|In figure 1 the common pulse excitation technique is compared with the pulse compression technique. For convenience a simple simulation is shown. The system consisting of a transmitting probe, the propagation medium (concrete) and the receiving probe is represented by a delay of 250 µs, a damping of 50 dB and addition of 0.25 mV (rms) noise. The transmitted chirp has a bandwidth of 400 kHz and a length of 250 µs. This yields an amplitude gain of AG = 7. In accordance with that a chirp with an amplitude of only 70 V leads to the same signal to noise ratio after correlation as the pulse with amplitude AG * 70Volts ~ 500Volts.
Chirp-signals are best suitable for ultrasonic testing in concrete. They can be generated easily by arbitrary waveform generators. The frequency-spectrum of the chirp can be adapted to the transfer function of the system (figure 2). Consequently, a maximum of ultrasonic energy is brought into the system .
Fig. 1. principle of the pulse compression technique
Fig. 2. linear frequency-modulated chirp signal x(t) and its frequency spectrum X(f)
Broadband transducers are required for chirp signals. The sensitivity of piezoelectric sensors is much lower for broadband signals than for narrowband signals. So the advantage of piezoelectric sensors is diminished in this case. We used an alternative broadband-sensor: the laser interferometer.
The main advantage of optical detection by laser interferometry is the ability of working without contact to the specimen. Thus, laser can be used on rough or awkward shaped surfaces or on areas, which are difficult to reach (bridges etc.). This frequently occurs in civil engineering. Scanning areas on the surface of concrete with a laser interferometric sensor might be an effective method for non-destructive evaluation (NDE). On the other hand laser interferometry has not yet become a practicable tool in NDE, due to the fact that its sensitivity is insufficient in most practical applications. The signal to noise ratio in manufacturers specification cannot be maintained on ordinary scattering surfaces. The surface of concrete is rough and the coherence of laser light will result in interference speckles at random distribution. When optimising the measurement only for one single point on the surface, it is possible to adjust the laser by changing the focus, so that the photo-detector is covered by a bright speckle. In scanning mode normally the photo-detector is partially covered by random distributed bright speckles.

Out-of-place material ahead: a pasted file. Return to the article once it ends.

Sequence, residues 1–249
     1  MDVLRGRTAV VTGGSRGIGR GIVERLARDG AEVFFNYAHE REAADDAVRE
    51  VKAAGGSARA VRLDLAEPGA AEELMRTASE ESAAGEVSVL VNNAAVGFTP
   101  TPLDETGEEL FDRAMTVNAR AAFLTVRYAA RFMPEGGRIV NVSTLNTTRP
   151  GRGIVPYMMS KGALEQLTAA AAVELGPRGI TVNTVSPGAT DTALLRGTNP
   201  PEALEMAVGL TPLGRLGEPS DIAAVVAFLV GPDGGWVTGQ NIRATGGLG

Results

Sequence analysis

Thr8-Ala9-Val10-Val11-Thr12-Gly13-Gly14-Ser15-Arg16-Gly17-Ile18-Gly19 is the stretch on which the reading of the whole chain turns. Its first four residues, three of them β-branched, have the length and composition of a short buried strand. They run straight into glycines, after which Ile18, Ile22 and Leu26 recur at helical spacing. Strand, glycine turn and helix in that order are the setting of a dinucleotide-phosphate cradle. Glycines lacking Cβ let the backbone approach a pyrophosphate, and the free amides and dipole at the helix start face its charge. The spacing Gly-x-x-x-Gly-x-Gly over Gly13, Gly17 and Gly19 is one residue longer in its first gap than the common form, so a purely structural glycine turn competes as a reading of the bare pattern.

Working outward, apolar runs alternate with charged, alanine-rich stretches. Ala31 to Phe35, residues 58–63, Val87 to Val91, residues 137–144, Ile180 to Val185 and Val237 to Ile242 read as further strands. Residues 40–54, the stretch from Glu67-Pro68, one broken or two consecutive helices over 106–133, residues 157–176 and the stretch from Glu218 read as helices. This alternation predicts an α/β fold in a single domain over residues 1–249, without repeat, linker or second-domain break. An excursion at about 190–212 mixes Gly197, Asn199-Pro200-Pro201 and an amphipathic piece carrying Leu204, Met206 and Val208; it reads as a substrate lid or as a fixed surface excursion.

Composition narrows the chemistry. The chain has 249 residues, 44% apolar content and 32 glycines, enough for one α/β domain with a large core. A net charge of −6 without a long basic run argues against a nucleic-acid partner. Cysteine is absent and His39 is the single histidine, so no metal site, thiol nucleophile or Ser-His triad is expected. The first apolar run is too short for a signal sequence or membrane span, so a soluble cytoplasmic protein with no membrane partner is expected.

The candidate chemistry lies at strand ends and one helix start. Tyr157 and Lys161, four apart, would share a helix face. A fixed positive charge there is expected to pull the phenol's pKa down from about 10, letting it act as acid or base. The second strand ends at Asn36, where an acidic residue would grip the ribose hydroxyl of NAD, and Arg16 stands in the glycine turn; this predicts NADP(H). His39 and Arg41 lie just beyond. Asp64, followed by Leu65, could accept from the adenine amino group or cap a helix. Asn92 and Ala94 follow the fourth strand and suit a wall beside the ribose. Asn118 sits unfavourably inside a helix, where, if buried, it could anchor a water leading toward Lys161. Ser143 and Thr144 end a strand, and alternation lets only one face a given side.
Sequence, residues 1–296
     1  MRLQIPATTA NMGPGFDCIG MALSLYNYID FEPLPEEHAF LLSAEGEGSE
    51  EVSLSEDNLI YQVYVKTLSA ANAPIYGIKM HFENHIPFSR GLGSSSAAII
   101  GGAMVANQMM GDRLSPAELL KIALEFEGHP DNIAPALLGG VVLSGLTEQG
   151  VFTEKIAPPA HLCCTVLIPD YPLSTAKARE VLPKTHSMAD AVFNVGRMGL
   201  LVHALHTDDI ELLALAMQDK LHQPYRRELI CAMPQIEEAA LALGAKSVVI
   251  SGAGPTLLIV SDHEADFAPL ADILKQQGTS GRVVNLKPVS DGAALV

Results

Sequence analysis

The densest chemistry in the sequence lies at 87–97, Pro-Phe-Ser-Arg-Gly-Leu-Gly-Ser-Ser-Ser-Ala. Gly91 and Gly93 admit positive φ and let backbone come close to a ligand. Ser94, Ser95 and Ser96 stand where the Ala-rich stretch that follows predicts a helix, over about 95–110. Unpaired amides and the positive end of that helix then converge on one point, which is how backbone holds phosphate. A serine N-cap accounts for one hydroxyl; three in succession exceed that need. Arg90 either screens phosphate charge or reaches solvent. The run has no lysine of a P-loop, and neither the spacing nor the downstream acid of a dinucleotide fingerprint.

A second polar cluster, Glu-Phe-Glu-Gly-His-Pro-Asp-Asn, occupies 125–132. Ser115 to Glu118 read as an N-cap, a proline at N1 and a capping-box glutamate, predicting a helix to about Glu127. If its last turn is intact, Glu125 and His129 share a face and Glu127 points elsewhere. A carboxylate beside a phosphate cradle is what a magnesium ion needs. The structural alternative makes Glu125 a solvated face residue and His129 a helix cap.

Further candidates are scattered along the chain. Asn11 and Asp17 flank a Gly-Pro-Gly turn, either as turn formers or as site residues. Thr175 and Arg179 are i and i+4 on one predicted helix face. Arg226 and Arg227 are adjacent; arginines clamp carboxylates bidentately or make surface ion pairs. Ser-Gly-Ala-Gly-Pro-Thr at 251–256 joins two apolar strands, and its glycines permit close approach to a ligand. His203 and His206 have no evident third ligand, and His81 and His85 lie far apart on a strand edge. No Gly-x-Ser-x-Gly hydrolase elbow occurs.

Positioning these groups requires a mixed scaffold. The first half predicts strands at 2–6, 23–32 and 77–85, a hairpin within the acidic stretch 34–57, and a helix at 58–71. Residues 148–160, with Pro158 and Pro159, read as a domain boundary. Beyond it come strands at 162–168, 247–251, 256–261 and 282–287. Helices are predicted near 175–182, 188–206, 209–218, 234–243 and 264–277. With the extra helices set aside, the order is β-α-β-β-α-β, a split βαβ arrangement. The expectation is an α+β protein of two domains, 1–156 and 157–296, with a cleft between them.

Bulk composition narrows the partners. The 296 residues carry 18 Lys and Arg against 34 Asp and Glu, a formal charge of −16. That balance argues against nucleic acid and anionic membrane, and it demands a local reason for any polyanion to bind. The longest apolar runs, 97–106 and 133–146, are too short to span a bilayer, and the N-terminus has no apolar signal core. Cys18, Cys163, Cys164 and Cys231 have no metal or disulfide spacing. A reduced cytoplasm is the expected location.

Thus, the effective sensitivity inherently fluctuates. Although the absolute sensitivity of laser interferometer remains the same, its noise level increases significantly, when dark speckle are encountered. This adverse effect can be eliminated almost completely by the random speckle modulation technique suggested in (5). The idea is very simple. Changing the focus by a small amount moves the speckle pattern in an unpredictable way. Doing this slowly enough and observing the interferometer signal amplitude, the ultrasonic measurement can be taken, when the interferometer noise is low. This will be repeated at each measurement point.
We modified a Polytec heterodyne scanning laser vibrometer PSV 100. Instead of changing the focus as described in (5), we let the scanning mirrors vibrate with small amplitudes. The deflection angle is smaller then 0.04°. That is a deflection of less than 0.7 mm at a distance of 1 m between laser vibrometer and surface. It can be assured, that a bright speckle falls on the photodiode for approximately 1 ms by a modulation-frequency of about 50 Hz. This is sufficient to trigger an ultrasonic transmitter and detect the response before the bright speckle disappears. Figure 4 shows selected signals of a measurement. It can be seen, that for bright speckles (large signal amplitude) the noise is low. In the example shown there is enough time to trigger two measurements.